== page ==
Friday, March 11, 2005

These guys really miss the old days

Josh Marshall points to this essay as the "New pencil-neck line of attack: Social Security contributes to free love and the decline of marriage. " But it's actually more noisome that that:

Policymakers and citizens pondering the merits of Social Security reform should consider new evidence showing that "social security" adversely affects decisions to marry and have children.

A new University at Buffalo study, examining the experience of 57 countries over a 32-year period, concludes that in the U.S. and other countries where social security is instituted as a defined-benefits, pay-as-you-go system, marriage and fertility rates fell sharply over time -- partly as a result of social security itself.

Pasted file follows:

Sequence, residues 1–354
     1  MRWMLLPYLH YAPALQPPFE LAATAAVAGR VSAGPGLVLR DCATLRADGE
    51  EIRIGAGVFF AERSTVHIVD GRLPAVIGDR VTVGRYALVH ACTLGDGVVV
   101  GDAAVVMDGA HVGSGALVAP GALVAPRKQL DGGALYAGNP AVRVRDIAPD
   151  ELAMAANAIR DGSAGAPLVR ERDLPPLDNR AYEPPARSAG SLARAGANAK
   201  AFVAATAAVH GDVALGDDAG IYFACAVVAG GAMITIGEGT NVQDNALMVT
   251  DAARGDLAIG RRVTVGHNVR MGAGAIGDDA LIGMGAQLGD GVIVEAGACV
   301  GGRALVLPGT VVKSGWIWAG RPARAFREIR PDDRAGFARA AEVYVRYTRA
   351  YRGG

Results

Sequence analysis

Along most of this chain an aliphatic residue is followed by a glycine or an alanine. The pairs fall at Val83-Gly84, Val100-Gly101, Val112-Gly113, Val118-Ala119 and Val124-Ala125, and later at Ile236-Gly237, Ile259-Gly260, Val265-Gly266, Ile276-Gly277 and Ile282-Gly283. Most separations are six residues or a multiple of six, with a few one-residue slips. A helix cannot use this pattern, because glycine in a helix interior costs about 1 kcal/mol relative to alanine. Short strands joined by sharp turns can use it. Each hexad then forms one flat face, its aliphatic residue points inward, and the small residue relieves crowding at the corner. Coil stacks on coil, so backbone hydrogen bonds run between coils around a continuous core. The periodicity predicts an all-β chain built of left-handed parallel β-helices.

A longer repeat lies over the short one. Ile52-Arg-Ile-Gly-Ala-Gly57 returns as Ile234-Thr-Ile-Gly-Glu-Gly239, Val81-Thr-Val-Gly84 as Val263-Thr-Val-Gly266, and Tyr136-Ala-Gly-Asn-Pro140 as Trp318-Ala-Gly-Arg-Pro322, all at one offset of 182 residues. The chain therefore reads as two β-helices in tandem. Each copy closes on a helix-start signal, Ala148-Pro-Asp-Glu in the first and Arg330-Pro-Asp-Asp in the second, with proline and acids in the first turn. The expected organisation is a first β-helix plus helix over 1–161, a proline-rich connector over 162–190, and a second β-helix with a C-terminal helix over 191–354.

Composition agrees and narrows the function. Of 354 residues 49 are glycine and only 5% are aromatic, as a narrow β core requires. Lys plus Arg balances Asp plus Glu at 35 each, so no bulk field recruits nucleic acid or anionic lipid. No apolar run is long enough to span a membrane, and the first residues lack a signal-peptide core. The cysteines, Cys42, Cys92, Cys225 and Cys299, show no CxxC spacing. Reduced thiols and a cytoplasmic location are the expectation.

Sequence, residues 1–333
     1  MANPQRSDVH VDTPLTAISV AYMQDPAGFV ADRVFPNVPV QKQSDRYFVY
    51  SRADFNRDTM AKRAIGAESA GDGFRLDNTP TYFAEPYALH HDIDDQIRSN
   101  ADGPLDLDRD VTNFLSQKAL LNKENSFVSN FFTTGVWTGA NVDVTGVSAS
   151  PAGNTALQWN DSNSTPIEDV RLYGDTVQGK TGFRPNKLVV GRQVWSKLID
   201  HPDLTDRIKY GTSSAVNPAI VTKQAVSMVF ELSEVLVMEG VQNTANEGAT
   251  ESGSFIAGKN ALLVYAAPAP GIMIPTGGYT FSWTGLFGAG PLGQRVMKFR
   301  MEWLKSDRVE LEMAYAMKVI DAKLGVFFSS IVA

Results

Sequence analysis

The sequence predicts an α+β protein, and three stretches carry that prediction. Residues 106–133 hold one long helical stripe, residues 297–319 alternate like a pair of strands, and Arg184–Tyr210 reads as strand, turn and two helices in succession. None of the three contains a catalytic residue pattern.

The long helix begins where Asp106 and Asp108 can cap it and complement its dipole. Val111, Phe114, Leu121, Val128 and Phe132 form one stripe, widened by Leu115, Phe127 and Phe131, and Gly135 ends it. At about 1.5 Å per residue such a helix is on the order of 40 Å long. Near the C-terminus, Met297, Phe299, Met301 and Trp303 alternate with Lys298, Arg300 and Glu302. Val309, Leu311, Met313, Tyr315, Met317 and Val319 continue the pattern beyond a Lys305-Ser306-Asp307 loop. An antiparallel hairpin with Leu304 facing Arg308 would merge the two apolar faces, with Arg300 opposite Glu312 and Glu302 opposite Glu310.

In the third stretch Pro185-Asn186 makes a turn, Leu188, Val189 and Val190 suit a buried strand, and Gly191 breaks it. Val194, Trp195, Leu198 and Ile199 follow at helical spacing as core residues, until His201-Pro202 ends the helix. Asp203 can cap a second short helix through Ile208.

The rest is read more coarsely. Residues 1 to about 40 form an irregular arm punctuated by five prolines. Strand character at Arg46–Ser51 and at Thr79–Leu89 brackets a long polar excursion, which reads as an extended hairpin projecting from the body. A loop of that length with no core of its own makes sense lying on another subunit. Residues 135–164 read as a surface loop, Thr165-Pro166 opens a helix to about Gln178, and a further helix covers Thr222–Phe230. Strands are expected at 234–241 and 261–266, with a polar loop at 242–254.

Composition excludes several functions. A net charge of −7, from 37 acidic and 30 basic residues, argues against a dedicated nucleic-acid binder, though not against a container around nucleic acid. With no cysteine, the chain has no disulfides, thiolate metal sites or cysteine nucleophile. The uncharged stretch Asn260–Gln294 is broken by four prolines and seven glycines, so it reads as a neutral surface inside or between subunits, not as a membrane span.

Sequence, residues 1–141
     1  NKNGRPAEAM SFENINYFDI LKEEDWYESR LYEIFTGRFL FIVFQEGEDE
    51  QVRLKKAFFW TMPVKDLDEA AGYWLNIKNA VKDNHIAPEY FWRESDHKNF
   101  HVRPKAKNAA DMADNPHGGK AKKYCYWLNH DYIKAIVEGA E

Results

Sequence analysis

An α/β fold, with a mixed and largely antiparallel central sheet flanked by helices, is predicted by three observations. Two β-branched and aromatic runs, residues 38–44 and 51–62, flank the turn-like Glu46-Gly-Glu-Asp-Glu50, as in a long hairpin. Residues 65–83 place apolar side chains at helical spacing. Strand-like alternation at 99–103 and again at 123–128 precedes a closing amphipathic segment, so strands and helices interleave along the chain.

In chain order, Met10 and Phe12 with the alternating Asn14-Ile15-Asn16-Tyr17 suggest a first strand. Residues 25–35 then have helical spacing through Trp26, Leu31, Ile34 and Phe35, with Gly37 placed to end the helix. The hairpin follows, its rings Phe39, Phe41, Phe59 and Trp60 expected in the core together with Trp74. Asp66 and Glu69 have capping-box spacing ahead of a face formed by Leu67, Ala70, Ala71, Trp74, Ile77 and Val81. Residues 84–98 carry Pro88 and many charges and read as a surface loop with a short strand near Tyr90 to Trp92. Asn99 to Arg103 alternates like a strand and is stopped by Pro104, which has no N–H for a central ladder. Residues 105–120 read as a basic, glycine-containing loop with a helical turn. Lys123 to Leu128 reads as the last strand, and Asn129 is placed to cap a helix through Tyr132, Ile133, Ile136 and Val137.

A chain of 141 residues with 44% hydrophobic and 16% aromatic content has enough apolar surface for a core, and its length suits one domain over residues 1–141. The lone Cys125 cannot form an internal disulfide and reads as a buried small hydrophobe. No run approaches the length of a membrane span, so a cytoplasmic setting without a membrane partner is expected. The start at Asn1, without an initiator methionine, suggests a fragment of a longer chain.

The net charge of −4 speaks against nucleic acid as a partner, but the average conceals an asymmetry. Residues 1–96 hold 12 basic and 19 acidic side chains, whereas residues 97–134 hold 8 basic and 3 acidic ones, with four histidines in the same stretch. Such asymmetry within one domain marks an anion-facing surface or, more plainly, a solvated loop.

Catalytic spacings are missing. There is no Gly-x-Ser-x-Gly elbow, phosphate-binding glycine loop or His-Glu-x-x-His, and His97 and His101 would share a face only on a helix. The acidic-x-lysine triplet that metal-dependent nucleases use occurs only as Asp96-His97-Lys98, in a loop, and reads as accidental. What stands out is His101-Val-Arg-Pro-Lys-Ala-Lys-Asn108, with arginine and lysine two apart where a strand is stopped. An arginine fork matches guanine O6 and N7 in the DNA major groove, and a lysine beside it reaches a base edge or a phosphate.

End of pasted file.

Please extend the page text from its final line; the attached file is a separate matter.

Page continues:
"Current Social Security systems in the U.S. and elsewhere have some unintended consequences, which include disincentives to form families and have children," explains Ehrlich, who also is Melvin H. Baker Professor of American Enterprise in UB School of Management. [emphasis mine]


Prior to the establishment of current form of Social Security in the U.S., the family was the main form of social security, Ehrlich points out. "Working children took care of retired parents as they aged, and so there was an incentive for parents to have large families," he says.

No, Professor Ehrlich, SS doesn't include disincentives, it simply removes the necessity (incentive) of having children to support your old age. Is it now our national position that excess children, conceived and raised solely for their parents' future financial security, is a good thing? It would certainly seem to me that people who have children because they want them, rather than as a means to support themselves in their old age, are probably going to be better parents.

But I forget - the war machine needs fodder.


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